This weekend found me in the Champlain Valley birding with some friends, taking advantage of the nice weather. We found 46 species of birds – not a bad tally for a December day. We started our day at Westport where the boat launch had a small collection of ducks and large numbers of Canada Geese. We searched through the geese for something different in their midst, but found nothing out of the ordinary. We moved up the road to the wastewater treatment plant where we looked over a much larger flotilla of Canada Geese and a collection of gulls on the sandy spit.
We didn’t find any uncommon gulls, but as I scanned the geese a Barnacle Goose stuck out to me – showing me its silvery sides, dark black neck, and white cheeks. Barnacles are European birds that do occasionally come to our side of the Atlantic where they associate with Canada Geese – other sightings of this bird are also likely escapees from captivity. We watched the goose for a short while, calling some friends of ours who were also birding in the area so they could come to the treatment plant to see it. The bird had been reported a week previously, but no one had noted it since so we had thought it might have left the area. We were happy that it hadn’t.
We walked in on the grassy lawn to get closer looks at the goose which had moved further off shore through the trees, when my friend noted a warbler hopping around low in the trees. No species of warbler should be in Westport on a cold December day, and we tried to make the bird into either a Yellow-rumped Warbler or Orange-crowned Warbler (perhaps the two most likely species for the time of year), but our fleeting looks at its field marks didn’t fit those species. The warbler flew to the outlet of Hoisington Brook where it was difficult to see in the tall vegetation by the water. Eventually we began to collectively get a picture of the bird and determined that it was a first year female Cape May Warbler – quite a rare find for this time of year. Cape Mays should be catching insects in the tropics right now. The bird finally gave us the slip and we were happy with our rare find.
We dropped south to the fields along Dudley and Napper Roads where we found a variety of woodland birds including Dark-eyed Juncos and a White-throated Sparrow along the hedgerows. Cole Bay along Dudley Road also had a few ducks and Horned Grebes. Our friends had seen a couple Rough-legged Hawks hunting in the fields earlier that morning, but we didn’t turn up any. We did see several Red-tailed Hawks – including one which pounced for a rodent directly in front of us. Unfortunately the bird came up empty. We also spotted a Northern Harrier cruising over the fields in search of food.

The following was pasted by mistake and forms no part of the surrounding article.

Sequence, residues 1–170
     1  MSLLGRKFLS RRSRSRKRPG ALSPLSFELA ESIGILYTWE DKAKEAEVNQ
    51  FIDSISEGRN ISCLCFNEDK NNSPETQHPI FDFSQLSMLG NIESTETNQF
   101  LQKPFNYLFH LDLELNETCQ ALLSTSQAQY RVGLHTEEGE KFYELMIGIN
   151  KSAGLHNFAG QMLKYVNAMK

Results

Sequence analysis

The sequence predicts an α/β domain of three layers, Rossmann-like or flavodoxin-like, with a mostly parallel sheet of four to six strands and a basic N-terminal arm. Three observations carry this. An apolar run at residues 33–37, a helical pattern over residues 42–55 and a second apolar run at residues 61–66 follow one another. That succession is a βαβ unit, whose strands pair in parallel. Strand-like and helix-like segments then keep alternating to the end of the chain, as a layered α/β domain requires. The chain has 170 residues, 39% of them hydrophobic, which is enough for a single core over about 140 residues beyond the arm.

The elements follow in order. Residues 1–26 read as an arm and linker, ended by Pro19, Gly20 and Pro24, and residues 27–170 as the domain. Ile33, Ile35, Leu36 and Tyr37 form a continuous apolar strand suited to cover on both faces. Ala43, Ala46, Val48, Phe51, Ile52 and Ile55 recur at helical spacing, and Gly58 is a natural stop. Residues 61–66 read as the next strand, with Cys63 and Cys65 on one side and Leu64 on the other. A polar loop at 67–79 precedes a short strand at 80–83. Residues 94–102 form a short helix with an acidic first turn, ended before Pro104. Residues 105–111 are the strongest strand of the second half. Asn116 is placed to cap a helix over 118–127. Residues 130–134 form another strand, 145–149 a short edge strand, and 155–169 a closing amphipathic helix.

We moved north of Westport to the fields of what some birders call the Magic Triangle. There we discovered a few more hunting Red-tailed Hawks and we had a great look at a Rough-legged Hawk along the edge of a field. Songbird activity was also quite high with American Tree Sparrows, more Dark-eyed Juncos, Northern Cardinals, Eastern Bluebird as well as Hairy and Downy Woodpeckers.
We headed north to the Essex ferry terminal where we found Ring-necked Ducks, Lesser Scaup, Horned Grebes, and to our surprise a lingering Pied-billed Grebe. We also stopped in at Noblewood Park in Willsboro where we found a Brown Creeper in the woods and large rafts of Bufflehead and Common Goldeneye on the water. There was also a collection of gulls on the sand spit.
We finished our day by retracing our steps to the Magic Triangle where we found another hunting Northern Harrier. We were searching for Short-eared Owls which came out to hunt as evening shadows fell. We found two – possibly three – owls coursing over the fields as they made their barking calls. Eventually it was too dark to see them and we headed home.